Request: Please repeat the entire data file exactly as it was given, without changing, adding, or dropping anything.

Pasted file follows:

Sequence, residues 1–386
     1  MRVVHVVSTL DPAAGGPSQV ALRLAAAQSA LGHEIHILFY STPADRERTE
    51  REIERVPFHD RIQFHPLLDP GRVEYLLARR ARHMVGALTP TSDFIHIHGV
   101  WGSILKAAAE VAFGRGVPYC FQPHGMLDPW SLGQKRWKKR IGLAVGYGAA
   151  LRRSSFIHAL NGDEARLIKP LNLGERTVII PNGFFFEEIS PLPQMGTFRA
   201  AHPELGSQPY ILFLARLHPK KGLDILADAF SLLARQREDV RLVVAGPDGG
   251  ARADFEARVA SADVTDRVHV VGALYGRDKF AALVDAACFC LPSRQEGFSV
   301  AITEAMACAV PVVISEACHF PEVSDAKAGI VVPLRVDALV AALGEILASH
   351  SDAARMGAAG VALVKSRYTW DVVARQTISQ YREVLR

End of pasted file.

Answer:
Sequence, residues 1–386
     1  MRVVHVVSTL DPAAGGPSQV ALRLAAAQSA LGHEIHILFY STPADRERTE
    51  REIERVPFHD RIQFHPLLDP GRVEYLLARR ARHMVGALTP TSDFIHIHGV
   101  WGSILKAAAE VAFGRGVPYC FQPHGMLDPW SLGQKRWKKR IGLAVGYGAA
   151  LRRSSFIHAL NGDEARLIKP LNLGERTVII PNGFFFEEIS PLPQMGTFRA
   201  AHPELGSQPY ILFLARLHPK KGLDILADAF SLLARQREDV RLVVAGPDGG
   251  ARADFEARVA SADVTDRVHV VGALYGRDKF AALVDAACFC LPSRQEGFSV
   301  AITEAMACAV PVVISEACHF PEVSDAKAGI VVPLRVDALV AALGEILASH
   351  SDAARMGAAG VALVKSRYTW DVVARQTISQ YREVLR